Joel Harman took some welding classes at his local community college because when he’s not farming, he likes to build things. As with most farms, there’s quite a bit of repair work to do in the field with a portable welder – fixing grain bins, augers and such.

Jaynes lynn
Emeritus Editor
Lynn Jaynes retired as an editor in 2023.

Harman had normally loaded his welder into the back of a pickup with a forklift as it sat on a wooden pallet. Then he threw in his welding rods, tanks and all the paraphernalia that went with it into a nice chaotic pile. But it bugged him, and it was clumsy to work with. Harman wanted to organize that mess and make it handier to use.

Harman says, “I’ve always got some project going – working on or building something in our shop.” Yet, at the same time, he always tries to find ways to be more organized and efficient. So he decided to tackle a portable welding skid that would load quickly and keep all the welding accessories organized with the welding unit.

In his farm shop near Trivoli, Illinois, Harman took some steel rectangular tubing and square tubing, and built a portable welding skid. He found used reels at farm auctions for the welding cable reel and torch reel. The main frame was built from 2-by-4-inch rectangular tubing.

lifting portable welding skid

He used smaller tubing (1 ¼-inch) to build supports for the oxygen and acetylene tanks and a toolbox. He welded 6-by-4-inch rectangular tubing into the main frame to use as slides for the forklift teeth. He arranged the 6-by-4-inch tubing such that it would allow a forklift to lift the frame from either end and either side, so that it could easily be set into a pickup bed or trailer from any direction, depending on what the situation called for.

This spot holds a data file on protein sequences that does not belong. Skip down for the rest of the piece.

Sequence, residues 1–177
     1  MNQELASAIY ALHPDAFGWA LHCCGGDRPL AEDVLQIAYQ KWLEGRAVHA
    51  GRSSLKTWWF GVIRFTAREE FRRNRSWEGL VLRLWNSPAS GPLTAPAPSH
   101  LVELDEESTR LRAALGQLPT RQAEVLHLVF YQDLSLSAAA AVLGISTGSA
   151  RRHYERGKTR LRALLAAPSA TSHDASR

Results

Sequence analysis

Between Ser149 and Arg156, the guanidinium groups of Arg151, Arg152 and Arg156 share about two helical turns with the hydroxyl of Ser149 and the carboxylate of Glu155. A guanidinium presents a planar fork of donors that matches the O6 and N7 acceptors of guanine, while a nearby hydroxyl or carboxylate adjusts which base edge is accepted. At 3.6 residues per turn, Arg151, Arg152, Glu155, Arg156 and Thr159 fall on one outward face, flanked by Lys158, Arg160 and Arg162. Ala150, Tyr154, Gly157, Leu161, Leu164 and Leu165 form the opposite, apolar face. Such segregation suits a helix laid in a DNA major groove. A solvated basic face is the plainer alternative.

With the frame complete, Harman used expanded metal to make a platform to set the portable wire feeder on. This gives him the flexibility to use flux core wire on jobs where he repairs grain bins and augers, and builds transitions to go from the auger to the conveyor from sheet metal. The wire welder allows him to create welds on thinner material, as opposed to using the stick MIG welder.

Harman attached ratchet straps to the vertical frame, which pulls the bottles tightly against a piece of steel bent in a “V” shape.

Harman says, “I left enough extra length in the straps that I can loosen them and just flip them off over the bottles when I need to change them out.”

welding skid in truck bed

Harman regularly carries a portable air compressor and portable fuel tank in the front of his pickup bed, so he only had about 5 feet of space left over in the truck bed to accommodate the welder. He manufactured his welding frame 4-feet wide so it would easily slide between the fender wells of his pickup (and yes, the tailgate will still close). He notes that the design would allow for a 5-foot frame to accommodate mounting a portable air compressor on the skid as well, if a person needed that.

Harman says, “It works great. I built this so that I could try to be organized and ready to go whenever I have to do any field repair work.”

He says his four-day project (which could easily be accomplished in a day if a person wasn’t interrupted or working on other projects simultaneously) didn’t cost him much because he had the tubing on hand and he found the used reels on auction. Other than that, it only took a few welding rods and some labor.

Harman says, “Setting this welder in the back of my pickup on a wood pallet and all my other tools was unorganized. I wanted to get organized, so things were ready to go whenever I needed to go.”

Harman is pleased enough with the functionality of the welding skid that he says he’d be willing to produce them for others who might be interested. He’s also willing to answer questions or talk to others about the construction. He can be contacted through email. PD

Joel Harman of Trivoli, Illinois, combined ingenuity with welding skills to streamline field repairs and organize his welding equipment with his homemade welding skid. Photos by Joel Harman.